Theatre Review: Tanja

Photo credit: York Theatre Royal

The name Tanja is the pseudonym used by the British Press to name the women seeking asylum and whom are detained in detention centres, such as the infamous Yarl’s Wood. Tanja is led by Emily Ntshangase-Wood an ex Yarl’s Wood detainee, whose personal story of being an asylum seeker carries the narrative of the production.

At its core Tanja is a plea for recognition and solidarity. It asks the audience to extend the hand of friendship and to empathise with the pain and plight of those being detained. It further explores the concept of friendship even amongst hardship. There is a beautiful moment where Emily and a fellow detainee Ivanna (depicted by the show’s writer Rosie MacPherson) are unified through song. The melody evokes the feelings of pain and sorrow, whilst simultaneously being heartfelt and showing the importance of human connection and tenacity.

The production depicts the events as a distorted fairytale. It explores the concept of Tanja arriving in the UK, having escaped both psychological and physical pain, only then to be detained, consequently rendering her a life a means of survival rather than living. ‘Even princesses must learn that things are not as they seem’ Emily states. Yet who are these ‘princesses’ she refers to I can’t help but wonder? Is it the asylum seekers that have yearned for escape, to find it in Britain only to be detained? Or is it wider British society sitting from places of comfort and failing to recognise the plight of others? Tanja evokes such questions in the audience. The poignancy and profoundness of its message, transcends Tanja beyond a mere piece of theatre.

The production aims to break down such misconceptions and show what Tanja is: Human.

Through no fault of their own, asylum seekers are detained indefinitely waiting for their application for refugee status to go through. Whilst they wait for news, detainees are isolated and there exists an extreme sense of misunderstanding. We see this though the distortion of Emily’s words. Speaking into a microphone eloquently and earnestly she expresses her desire to be a meaningful contributor to British society. In contrast, the screen behind shows her words being corrupted. Likening to the press’ coverage and depiction of asylum seekers as liars, addicts and solely wanting benefits. The profound disparity between the two forces the audience to recognise humanity. One can’t help but think this is how people like Tanja are depicted by the press; demonised and stripped of humanity. Consequently, the production aims to break down such misconceptions and show what Tanja is: Human.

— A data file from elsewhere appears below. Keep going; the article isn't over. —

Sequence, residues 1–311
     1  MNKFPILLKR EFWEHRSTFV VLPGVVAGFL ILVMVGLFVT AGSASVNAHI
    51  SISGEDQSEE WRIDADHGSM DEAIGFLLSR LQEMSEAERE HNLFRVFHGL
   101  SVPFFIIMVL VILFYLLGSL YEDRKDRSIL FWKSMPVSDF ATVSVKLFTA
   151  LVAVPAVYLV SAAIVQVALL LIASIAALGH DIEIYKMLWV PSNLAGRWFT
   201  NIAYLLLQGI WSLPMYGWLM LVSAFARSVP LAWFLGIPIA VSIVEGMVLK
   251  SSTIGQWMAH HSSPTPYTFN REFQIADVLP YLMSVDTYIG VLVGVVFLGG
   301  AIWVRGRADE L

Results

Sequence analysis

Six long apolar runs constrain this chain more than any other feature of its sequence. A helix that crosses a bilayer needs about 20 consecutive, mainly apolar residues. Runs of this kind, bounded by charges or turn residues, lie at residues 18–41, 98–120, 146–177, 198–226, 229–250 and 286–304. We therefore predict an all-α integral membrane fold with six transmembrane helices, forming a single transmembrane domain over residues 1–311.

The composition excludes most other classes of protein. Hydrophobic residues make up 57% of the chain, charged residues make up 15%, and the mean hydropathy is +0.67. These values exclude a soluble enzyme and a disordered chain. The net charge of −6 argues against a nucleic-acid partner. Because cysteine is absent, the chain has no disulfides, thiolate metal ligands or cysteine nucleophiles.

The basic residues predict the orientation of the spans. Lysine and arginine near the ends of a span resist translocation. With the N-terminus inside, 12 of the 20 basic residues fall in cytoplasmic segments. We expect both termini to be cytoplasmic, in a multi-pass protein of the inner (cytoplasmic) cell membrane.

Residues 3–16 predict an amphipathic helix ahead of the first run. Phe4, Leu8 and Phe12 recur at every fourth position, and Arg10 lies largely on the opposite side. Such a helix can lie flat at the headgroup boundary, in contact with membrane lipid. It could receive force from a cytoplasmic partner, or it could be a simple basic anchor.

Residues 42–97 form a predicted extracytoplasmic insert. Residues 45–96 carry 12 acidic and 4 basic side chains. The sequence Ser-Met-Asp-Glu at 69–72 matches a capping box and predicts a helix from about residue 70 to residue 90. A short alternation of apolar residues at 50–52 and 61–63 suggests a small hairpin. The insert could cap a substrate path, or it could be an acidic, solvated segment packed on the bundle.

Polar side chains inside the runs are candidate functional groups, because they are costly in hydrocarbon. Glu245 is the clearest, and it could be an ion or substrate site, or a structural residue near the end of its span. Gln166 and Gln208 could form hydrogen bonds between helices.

As a piece of theatre itself, it isn’t groundbreaking. This being said, if you were to solely look at it as actors moving on stage you would miss both the point and the heart of the story. The autobiographical nature of the narrative and the company’s goal to spread understanding is what makes it as a piece of beauty. It is about pain and loss, about the fear of being forgotten and left behind. Yet whilst it is all of these things it is painfully optimistic, there is joy amidst the heartbreak and the promising possibility to create lasting change.

The production uses verbatim materials in the dialogue to strike home the relevancy of the content. “Can I talk please? I left everything to save my life. I am an Asylum Seeker… I am not a criminal”. The sense of urgency and desperation in which such lines are delivered entreats the audience to understand. This in conjunction with the fact that the audience are welcomed and thanked at the beginning and the end of the performance suggests that we are not merely spectators but active participants.

Tanja achieves what it sets out to do, which is to spread knowledge and understanding of those detained in centres such as Yarl’s Wood.

Tanja achieves what it sets out to do, which is to spread knowledge and understanding of those detained in centres such as Yarl’s Wood. It forces us to question the nature of detention centres.

It goes beyond theatre and implores social justice. Ultimately Tanja reflects what theatre has the power to be. Theatre at its heart is a powerful tool to catalyse social change and serves as an effective medium to spread ideas and to protest.

So take five minutes out of your day, and educate yourselves on individuals like Emily. On Tanja.

http://www.refugeewomen.co.uk

http://www.righttoremain.org.uk/blog/yarls-wood-protest-statement-by-movement-for-justice/


8/10

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